Culture & Literature

What Comes after the Revolution?: An Essay by Layla AlAmmar

Mar 01, 2022

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Layla Alammar

In early 2011, I—like countless others across not just the region but the world—watched as sparks of protest ignited into the flame of the Arab Spring.

 

That’s a terrible way to start this essay. When I use the words sparks, ignited, and flame, you are forgiven for thinking them metaphors; in fact they are quite literal. At around 11:30 on the morning of December 17, 2010, Tarek Mohamed Bouazizi, age twenty-six, stood in the middle of traffic in front of the governor’s office in Sidi Bouzid, Tunisia, shouted “How do you expect me to make a living?” drenched himself in gasoline, and set himself on fire. This act followed months and years of harassment and extortion from authorities as well as the confiscation of his small produce cart—his only source of income and how he supported his family. Systemic oppression, being at the mercy of corrupt institutions, and the denial of a basic right to dignity drove Bouazizi to this desperate end. By mid-January, the outrage and protests in the wake of his death led to the end of President Ben Ali’s twenty-three-year rule.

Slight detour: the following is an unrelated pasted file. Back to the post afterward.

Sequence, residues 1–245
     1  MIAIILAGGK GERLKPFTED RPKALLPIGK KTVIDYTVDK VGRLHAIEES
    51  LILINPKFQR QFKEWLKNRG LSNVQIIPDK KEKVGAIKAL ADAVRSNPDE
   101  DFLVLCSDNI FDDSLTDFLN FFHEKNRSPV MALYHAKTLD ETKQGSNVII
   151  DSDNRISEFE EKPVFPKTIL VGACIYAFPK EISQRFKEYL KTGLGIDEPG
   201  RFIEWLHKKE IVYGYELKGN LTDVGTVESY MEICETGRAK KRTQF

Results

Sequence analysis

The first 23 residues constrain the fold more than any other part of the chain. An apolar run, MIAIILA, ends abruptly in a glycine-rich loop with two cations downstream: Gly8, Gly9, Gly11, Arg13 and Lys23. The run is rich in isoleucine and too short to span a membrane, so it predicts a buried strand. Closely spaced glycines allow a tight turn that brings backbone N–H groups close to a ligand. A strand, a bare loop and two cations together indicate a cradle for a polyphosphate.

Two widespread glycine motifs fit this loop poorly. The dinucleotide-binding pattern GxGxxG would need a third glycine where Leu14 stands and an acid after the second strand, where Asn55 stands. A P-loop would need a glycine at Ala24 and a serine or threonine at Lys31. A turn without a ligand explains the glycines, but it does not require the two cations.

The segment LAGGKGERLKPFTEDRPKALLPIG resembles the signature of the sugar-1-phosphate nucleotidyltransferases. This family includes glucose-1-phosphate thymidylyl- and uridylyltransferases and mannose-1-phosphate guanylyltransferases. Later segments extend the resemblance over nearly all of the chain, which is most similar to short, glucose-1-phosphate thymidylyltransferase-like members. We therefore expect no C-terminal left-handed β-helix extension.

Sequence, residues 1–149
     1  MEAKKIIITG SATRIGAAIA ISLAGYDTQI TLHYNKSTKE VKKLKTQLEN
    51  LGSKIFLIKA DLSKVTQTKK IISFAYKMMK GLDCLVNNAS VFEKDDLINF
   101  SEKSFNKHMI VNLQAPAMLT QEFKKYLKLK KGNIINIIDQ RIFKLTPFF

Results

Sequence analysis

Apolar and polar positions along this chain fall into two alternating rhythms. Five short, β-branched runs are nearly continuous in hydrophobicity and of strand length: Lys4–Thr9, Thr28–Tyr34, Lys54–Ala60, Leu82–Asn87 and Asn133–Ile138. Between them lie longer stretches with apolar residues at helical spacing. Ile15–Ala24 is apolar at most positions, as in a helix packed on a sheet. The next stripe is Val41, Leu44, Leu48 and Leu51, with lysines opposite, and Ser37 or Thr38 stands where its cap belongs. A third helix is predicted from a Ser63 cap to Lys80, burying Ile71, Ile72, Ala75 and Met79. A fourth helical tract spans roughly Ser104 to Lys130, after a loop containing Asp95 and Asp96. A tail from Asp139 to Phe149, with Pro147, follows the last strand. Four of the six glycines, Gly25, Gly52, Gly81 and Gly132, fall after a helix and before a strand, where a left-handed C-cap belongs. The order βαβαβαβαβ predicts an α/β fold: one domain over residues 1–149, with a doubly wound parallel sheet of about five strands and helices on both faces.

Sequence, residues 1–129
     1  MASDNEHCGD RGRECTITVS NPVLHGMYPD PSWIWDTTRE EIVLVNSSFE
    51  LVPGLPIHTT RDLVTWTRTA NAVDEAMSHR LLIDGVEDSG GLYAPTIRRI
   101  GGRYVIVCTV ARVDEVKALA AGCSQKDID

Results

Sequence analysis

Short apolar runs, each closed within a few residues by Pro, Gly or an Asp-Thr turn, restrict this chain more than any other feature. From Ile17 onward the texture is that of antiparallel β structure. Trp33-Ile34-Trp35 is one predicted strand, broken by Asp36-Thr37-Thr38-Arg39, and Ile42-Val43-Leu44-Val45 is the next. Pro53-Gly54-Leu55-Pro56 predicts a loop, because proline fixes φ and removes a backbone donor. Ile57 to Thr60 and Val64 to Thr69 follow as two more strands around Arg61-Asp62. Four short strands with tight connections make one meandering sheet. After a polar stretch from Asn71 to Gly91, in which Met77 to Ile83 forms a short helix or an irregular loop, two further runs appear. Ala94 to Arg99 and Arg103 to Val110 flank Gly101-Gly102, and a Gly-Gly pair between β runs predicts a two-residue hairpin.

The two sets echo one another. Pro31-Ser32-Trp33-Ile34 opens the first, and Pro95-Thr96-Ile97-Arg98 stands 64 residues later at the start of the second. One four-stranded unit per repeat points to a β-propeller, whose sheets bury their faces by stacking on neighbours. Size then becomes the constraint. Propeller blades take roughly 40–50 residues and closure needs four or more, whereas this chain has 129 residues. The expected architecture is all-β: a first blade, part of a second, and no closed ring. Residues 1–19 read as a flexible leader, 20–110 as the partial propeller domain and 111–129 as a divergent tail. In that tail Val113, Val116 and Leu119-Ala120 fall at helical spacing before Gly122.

A wave of self-immolation followed, not just in Tunisia (where 107 persons attempted suicide in this way over the next six months), but also in Algeria and Egypt. Driven by the same grievances (high corruption, poor economic conditions, lack of freedom of expression, and political impotence), youth protests soon erupted in Algeria, Libya, Egypt, Yemen, Syria, and elsewhere. Days of Rage—for that’s what many Fridays were called—were rimmed in fire, with hot bullets and cars set aflame and Molotov cocktails hurled in town squares.

 

Words are a representation, a signifier; they are not the thing itself, and in using them, we mustn’t forget that the thing itself exists in a material, consequential way. There are those for whom the words ignite, flame, and eruption are not mere metaphors.

 

This is just one of the anxieties that lurks beneath Silence Is a Sense.